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View Full Version : set up a local GE server..?



jochri
07-23-2005, 10:18 AM
just a thought:

Is it possible to mirror a complete GE server on a local machine and run GE completly without an Internet connection? i would love to have the whole earth in high res on my local machine...

...what do you think...or maybe google will offer an DVD with an standalone GE version?

Steeefan
07-23-2005, 11:07 AM
i don't think that this is possible and it also would be way too much data i think
i also don't think that there will be a GE-DVD

jochri
07-23-2005, 12:03 PM
i don't think that this is possible and it also would be way too much data i think..

how much? 100gb more / less?

felipeboralli
07-23-2005, 02:24 PM
how much? 100gb more / less?

from http://earth.google.com/earth.html

"Imagery and 3D data depict the entire earth - Terabytes of aerial and satellite imagery depict cities around the world in high-resolution detail."

Well, a Terabyte is 1024 GB, so you can have an idea of how huge the database will be. From what they say, i guess is about 10 TB, or 10240 GB.

Appletom
07-23-2005, 02:43 PM
From aecnews.com (http://aecnews.com/articles/1050.aspx):

In May 2005 Keyhole/Google released a new Primary Database, calling it “the largest scale, highest resolution, natural color database of the earth's visual appearance and terrain shape ever assembled.” The new database is approximately 60 terabytes

So - 60 terabytes x 1,024 gigabytes = 61,440 gigs.

The largest hard drive I could find at Newegg.com is 400 gigs and costs $235.00.

It would take 154 of these hard drives to hold the entire GEarth database. So for only $36,190 (plus shipping) you too can have the entire GEarth database - if Google would let you.

jochri
07-23-2005, 04:06 PM
it can't be that bad, they sell it:
http://earth.google.com/earth_server.html

hypeserver
07-23-2005, 05:10 PM
I'm so setting that up lol. requires 1 gb memory which means these are probaly compressed files that have probaly been compresssed so many times its not funny.

jochri
07-24-2005, 07:39 AM
I'm so setting that up lol. requires 1 gb memory which means these are probaly compressed files that have probaly been compresssed so many times its not funny.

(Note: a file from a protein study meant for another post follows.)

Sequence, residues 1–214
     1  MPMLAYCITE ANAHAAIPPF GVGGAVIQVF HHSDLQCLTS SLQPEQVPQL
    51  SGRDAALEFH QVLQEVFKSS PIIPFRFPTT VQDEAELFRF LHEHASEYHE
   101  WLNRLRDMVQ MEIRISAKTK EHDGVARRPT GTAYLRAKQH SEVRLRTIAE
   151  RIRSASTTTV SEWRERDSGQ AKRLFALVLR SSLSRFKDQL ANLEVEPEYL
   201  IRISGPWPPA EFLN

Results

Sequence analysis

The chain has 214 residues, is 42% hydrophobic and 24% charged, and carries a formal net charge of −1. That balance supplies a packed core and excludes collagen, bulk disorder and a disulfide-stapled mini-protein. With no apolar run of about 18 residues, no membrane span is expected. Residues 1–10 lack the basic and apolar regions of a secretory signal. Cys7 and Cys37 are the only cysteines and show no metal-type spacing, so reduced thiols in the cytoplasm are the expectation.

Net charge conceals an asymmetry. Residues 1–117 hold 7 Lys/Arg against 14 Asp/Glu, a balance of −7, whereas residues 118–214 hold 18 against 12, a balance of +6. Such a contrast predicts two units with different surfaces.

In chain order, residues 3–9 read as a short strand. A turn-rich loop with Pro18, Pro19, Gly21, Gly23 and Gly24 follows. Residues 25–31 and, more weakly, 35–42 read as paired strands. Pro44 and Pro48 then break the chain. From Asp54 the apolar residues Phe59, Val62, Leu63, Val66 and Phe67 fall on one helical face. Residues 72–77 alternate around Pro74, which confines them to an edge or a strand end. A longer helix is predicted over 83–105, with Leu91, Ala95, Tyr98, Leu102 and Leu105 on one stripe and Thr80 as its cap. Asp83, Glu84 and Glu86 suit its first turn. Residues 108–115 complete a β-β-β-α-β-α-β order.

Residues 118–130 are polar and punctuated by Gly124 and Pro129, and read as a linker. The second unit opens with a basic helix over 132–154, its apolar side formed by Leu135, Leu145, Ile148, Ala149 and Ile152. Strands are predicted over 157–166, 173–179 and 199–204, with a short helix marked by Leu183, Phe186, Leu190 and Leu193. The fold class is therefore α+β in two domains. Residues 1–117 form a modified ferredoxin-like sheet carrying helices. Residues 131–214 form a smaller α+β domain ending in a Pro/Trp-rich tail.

well, you can compress images from raw to bmp to jpg to jpg 2000 from high to low quality, you can still use any rar tar and zip compression but it won't make it hardly any smaller than jpg, you can't really compress jpg any further....jpg is the end of the line

PenguinOpus
07-24-2005, 07:41 PM
The enterprise version of Google Earth Fusion and Google Earth client (EC) allow you to create and host your own database. Pricing limits this to reasonably large corporations. In all current users, they are hosting their own, smaller, datasets. No one has a copy of the current Google Earth database... too large.

Architect
12-08-2010, 08:22 PM
I know this thread has not been in circulation for a while but has anyone found a solution to this? it says 60terabytes and now that is not so unobtainable. 2 terabyte drives can be had meaning only 30 drives would be needed. I am sure the data has increased too but by how much? maybe 90 tb?

Forkboy2
12-08-2010, 10:02 PM
There is no way to do this. Google would never allow it. The imagery is worth millions of dollars. They would never just give it all away for free.

Architect
12-09-2010, 12:39 PM
well there is software to automate scanning the surface of the globe while you cache the images. but the thing is I thought they were pulling these images from other sources. I mean does google have their own array of satellites (and by that I mean it would take like 300 or more satellites to properly cover the entire planet) I do not think so. basically I am guessing to do this would be to require their sources they pull from and software to place it properly on the globe.

though if any of this is wrong please let me know.

also I would like to know if anyone has a way to calculate distances between points of the globe *(direct distance not along the curvature of the earth) I know it would take an accurate globe shape with the proper ovoid shape and the exact mean of what sea level is as well as how far above or below this the two locations are. I know this sounds silly but it does have a very real use for me.

Forkboy2
12-10-2010, 12:50 AM
Yes, you can cache tiles for offline use. But you're limited to the size of your cache, and then next time you go online, it starts getting replaced by new tiles.

Google licenses most of the imagery from commercial providers. I believe some is also public domain (USGS, etc.). Their license agreements with the owners of the imagery don't allow them to give it away.